Jane Wright has lived outside of Golden for nearly 40-years.
“I wanted to be close to grocery stores, but I like the feeling of space,” Wright told CBS4.
While the views can’t be beat, there are some drawbacks to her mountain home.
“It’s hard to get internet, definitely was a problem. You can’t get cable, you have to go satellite. Phone service is a problem,” Wright explained.
Wright was paying more than $100-a-month for internet service that was spotty and slow.
“You never tried to do any kind of Netflix or anything like that, I mean you couldn’t.”
Then she found Au Wireless.
“I was thrilled,” she said.
“Most of the dishes in the lower right corner of the roof there are point-to-point, that send internet to various homes throughout the city that then relay that to their neighbors,” said Chad Wachs, as he points to the equipment that he maintains on rented space on Lookout Mountain.
Au Wireless is the network that Wachs built.
“This was going to be an experiment and a hobby because I like to tinker with things,” Wachs explained.
Like many internet customers, Wachs was fed up with his big, corporate provider.
“We were tired of the price hikes, and we were tired of the data caps,” he told CBS4. “Having to call your provider every single year to renegotiate that rate that was slowly creeping up. And as we watched more and more movies and streaming on TV, we had those data caps that we were hitting and getting charged overages for. And it doesn’t cost an extra dollar to deliver additional data to the end user, so you should have to charge extra.”
Four-years ago, he and a few neighbors bucked the system and set up their own network.
“I thought let’s try something different and change the way the system is working right now,” Wachs said.
Wachs’ experiment worked, and by word of mouth, his customer base grew.
“I look back a couple of years later, I’m like, ‘Whoa, there’s hundreds of people that are actually relying on this, I can’t just be tinkering. Now I have to treat this like a job,” Wachs said.
Au Wireless is named after elemental symbol for gold, and is a nod to his hometown of Golden. The network provides internet to about 300 clients in the Golden area. It’s fast and low cost, with no data caps, no speed slowing, and no hidden fees. Au Wireless is also a non-profit, co-operative, which gives everyone a stake in it’s success.
“I wanted it to be something that the community help build with me. It was within that spirit we made it a non-profit,” Wachs explained.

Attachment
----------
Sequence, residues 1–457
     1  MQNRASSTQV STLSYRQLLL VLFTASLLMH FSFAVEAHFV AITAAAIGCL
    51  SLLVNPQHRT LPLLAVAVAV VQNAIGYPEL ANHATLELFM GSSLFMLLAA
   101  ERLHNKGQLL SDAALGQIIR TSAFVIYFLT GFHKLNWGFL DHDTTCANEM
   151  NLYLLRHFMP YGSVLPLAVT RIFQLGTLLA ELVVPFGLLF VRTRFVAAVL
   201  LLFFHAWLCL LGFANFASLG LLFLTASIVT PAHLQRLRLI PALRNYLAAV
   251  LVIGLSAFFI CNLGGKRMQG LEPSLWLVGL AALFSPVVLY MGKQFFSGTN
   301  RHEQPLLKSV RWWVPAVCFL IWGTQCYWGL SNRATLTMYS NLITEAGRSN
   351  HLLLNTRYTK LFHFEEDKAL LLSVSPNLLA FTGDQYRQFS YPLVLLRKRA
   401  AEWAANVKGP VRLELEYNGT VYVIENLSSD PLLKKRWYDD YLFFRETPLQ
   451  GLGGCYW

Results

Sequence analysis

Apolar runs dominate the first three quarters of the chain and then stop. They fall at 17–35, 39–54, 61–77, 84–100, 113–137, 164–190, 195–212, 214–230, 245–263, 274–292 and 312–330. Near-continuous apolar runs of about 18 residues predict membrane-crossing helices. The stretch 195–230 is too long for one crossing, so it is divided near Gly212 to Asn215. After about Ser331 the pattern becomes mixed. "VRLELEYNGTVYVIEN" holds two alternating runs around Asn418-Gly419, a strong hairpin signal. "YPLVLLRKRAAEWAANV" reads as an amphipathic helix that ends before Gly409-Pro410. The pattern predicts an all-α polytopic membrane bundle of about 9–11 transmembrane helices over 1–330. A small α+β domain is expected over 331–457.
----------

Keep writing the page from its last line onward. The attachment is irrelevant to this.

Residents like Wright were anxious to be a part of it. She has a radio on the side of her house and is part of the network that beams the wireless signal around her neighborhood.
“It’s that sense of community because it’s a co-operative, that people work together,” Wright said.
She also values working with a local company that gives her personal customer service.
“When you have an issue or a question, I just send Chad an email, and he emails me back, or we talk on the phone,” Wright said. “We just feel that Au’s more dependable and faster.”
AU Wireless is not currently expanding it’s network to new customers. But here are some other smaller independent providers in the region:
WiFiHood – Denver
Mountain Broadband – Sedalia area, Gilpin, Boulder, Jefferson County
Aerux Broadband – Denver Metro Area
Starry – Denver Metro Area
NETEO High Speed Internet – Morrison and surrounding areas
Nedernet.net – Nederland
- Another shield, a safer Internet for minors – OneNewsNow
- What’s the future of the internet — and society? – Technical.ly
- Astranis raises $90 million for its next-gen satellite broadband internet service – TechCrunch
- ‘Sonic the Hedgehog’ proves the internet wrong – Houston Chronicle
- Gov. Mills: high-speed internet is no longer a luxury, it is a necessity – Knox VillageSoup – Courier-Gazette & Camden Herald
- New Report Finds Internet Users Overwhelmed by Identity Theft Worries – Yahoo Finance
- Never Mind the Internet. Here’s What’s Killing Malls. – The New York Times
- China to relax its internet restrictions for 100,000 students hit by Australia’s coronavirus travel ban – The Guardian
- Quarantine and chill? The internet is giving quarantined people a social outlet – Salon